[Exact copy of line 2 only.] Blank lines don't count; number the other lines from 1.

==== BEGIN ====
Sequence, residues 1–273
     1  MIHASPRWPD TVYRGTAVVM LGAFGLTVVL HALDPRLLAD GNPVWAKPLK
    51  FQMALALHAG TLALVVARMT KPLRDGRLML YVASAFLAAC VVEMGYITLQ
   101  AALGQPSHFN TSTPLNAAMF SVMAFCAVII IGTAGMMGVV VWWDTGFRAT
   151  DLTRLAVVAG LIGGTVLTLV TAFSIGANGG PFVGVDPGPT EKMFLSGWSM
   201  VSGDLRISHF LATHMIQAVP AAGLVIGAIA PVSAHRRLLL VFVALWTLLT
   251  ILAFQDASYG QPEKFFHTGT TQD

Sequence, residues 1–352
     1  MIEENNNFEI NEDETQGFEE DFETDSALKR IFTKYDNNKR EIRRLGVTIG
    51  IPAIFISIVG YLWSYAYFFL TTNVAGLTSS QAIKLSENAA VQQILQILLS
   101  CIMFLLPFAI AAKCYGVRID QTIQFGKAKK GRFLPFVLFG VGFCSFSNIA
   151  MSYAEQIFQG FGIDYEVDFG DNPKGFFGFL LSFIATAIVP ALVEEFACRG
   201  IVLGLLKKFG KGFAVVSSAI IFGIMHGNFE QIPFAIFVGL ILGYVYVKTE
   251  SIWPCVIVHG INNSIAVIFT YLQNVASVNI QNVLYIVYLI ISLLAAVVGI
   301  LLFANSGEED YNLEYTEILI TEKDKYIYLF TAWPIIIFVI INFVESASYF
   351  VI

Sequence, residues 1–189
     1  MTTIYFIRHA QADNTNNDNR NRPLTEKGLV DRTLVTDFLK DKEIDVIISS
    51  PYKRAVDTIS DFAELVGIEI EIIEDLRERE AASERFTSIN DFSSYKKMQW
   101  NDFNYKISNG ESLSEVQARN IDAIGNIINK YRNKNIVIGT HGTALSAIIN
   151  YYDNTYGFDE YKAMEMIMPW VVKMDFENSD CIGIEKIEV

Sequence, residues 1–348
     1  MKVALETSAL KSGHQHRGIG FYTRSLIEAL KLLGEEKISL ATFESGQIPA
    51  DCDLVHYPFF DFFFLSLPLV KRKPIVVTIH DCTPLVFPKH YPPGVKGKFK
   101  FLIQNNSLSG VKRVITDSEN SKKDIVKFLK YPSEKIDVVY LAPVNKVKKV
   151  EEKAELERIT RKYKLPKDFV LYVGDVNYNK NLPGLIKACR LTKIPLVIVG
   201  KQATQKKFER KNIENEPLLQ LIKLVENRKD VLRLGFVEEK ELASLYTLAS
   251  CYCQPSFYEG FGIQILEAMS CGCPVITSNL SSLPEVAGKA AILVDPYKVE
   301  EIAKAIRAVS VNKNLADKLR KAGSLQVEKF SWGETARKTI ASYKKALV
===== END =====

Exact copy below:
     1  MIHASPRWPD TVYRGTAVVM LGAFGLTVVL HALDPRLLAD GNPVWAKPLK